Mullah - is a Muslim man, educated in Islamic theology and sacred law. The title, given to some Islamic clergy, is derived from the Arabic word mawla, meaning both "vicar" and "guardian". In large parts of the Muslim world, particularly Iran, Bosnia, Afghanistan, Turkey, Central Asia and the Indian subcontinent, it is the name commonly given to local Islamic clerics or mosque leaders. It is also understood as a term of respect for a religiously educated man. (Source: Roy, Oliver [1994]. The Failure of Political Islam. Harvard UP, 28-29.)

Mystical - (adjective) Of or having a spiritual reality or import not apparent to the intelligence or senses; relating to, or stemming from direct communion with ultimate reality or God: a mystical religion; Enigmatic; obscure: mystical theories about the securities market; of or relating to mystic rites or practices; unintelligible; cryptic. (Source: The American Heritage® Dictionary of the English Language, Fourth Edition. Houghton Mifflin Company, 2004. http://dictionary.reference.com/browse/mystical (accessed: July 10, 2009).



Ottoman Empire or Ottoman State lasted from 1299 to November 1, 1922 (as an imperial monarchy) or July 24, 1923 (as a state.) It was succeeded by the Republic of Turkey, which was officially proclaimed on October 29, 1923. The empire was at the centre of interactions between the Eastern and Western worlds for six centuries. With Constantinople (modern Istanbul) as its capital city, and vast control of lands around the eastern Mediterranean during the reign of Suleiman the Magnificent (ruled 1520 to 1566), the Ottoman Empire was, in many respects, an Islamic successor to the Eastern Roman (Byzantine) Empire.

At the height of its power (16th–17th century), it spanned three continents, controlling much of Southeastern Europe, Western Asia and North Africa. The Ottoman Empire contained 29 provinces and numerous vassal states; some of which were later absorbed into the empire, while others gained various types of autonomy during the course of centuries. The empire also temporarily gained authority over distant overseas lands through declarations of allegiance to the Ottoman Sultan and Caliph, or through the temporary acquisitions of islands in the Atlantic Ocean, such as Lanzarote (1585).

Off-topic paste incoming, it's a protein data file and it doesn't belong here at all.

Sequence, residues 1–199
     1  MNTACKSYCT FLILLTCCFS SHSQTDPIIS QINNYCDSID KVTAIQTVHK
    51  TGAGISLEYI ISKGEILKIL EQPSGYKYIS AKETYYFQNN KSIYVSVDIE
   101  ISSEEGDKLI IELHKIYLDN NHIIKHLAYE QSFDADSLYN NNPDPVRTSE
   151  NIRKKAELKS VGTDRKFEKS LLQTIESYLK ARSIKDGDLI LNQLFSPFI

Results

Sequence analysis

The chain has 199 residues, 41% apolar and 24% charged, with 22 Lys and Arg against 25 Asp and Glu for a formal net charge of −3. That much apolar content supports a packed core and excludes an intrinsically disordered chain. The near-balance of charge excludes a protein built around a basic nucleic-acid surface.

Pashtunwali (noun) or Pakhtunwali - is a concept of living or philosophy for the Pashtun people and is regarded as an honour code and a non-written law for the people. Though Pashtunwali dates back to the pre-Islamic times, its practice by the Pashtuns does not necessarily contravene Islamic principles. It is practiced by Pashtuns in Afghanistan, Pakistan, and by Pashtuns around the world.


Quintessential —(adjective) Representing the perfect example of a class or quality. (Source: http://www.websters-online-dictionary.com/definition/quintessential)



Safavid Dynasty – The Safavids were one of the ruling dynasties of Persia.  The Safavids were an Iranian Shia dynasty of mixed ancestry(Azerbaijani ,Circassian/Georgian, Greek, Kurdish) founded by Shaikh Safi of Ardabil in the 14th century, ruling Iran from 1501/1502 to 1722. Safavids established the greatest Iranian empire since the Islamic conquest of Persia and established the Ithnā ashari school of Shi'a Islam as the official religion of their empire, marking one of the most important turning points in the history of Islam. Safi’s descendant Ismail conquered Tabriz and then other prominent cities of Iran and thus unified all of Iran for the first time since the 7th century. (Sources: http://www.websters-online-dictionary.org/definition/Safavid+Dynastyhttp://en.wikipedia.org/wiki/Safavid_Dynasty)

Sharia Law – (or Shariah) (noun) the body of religious law governing the Sunni and Shia branches of Islam. Islam draws no distinction between religious and secular life, and hence Sharia covers not only religious rituals and the administration of the faith, but every aspect of day-to-day life. It is the legal framework within which the public and private aspects of life are regulated for those living in a legal system based on fiqh (Islamic principles of jurisprudence) and for Muslims living outside the domain. Sharia deals with many aspects of day-to-day life, including politics, economics, banking, business, contracts, family, sexuality, hygiene, and social issues.  Islamic law is now the most widely used religious law, and one of the three most common legal systems of the world alongside common law and civil law During the Islamic Golden Age, classical Islamic law may have influenced the development of common law and also influenced the development of several civil law institutions. (Sources: http://www.websters-online-dictionary.org/definition/Sharia+Law; Badr, Gamal Moursi [1978]. Islamic Law: Its Relation to Other Legal Systems. The American Journal of Comparitive Law, 26 (2), 187-198. ; Makdisi, John A. [1999]. The Islamic Origins of Common Law. North Carolina Law Review, 77 (5), 1635-1739)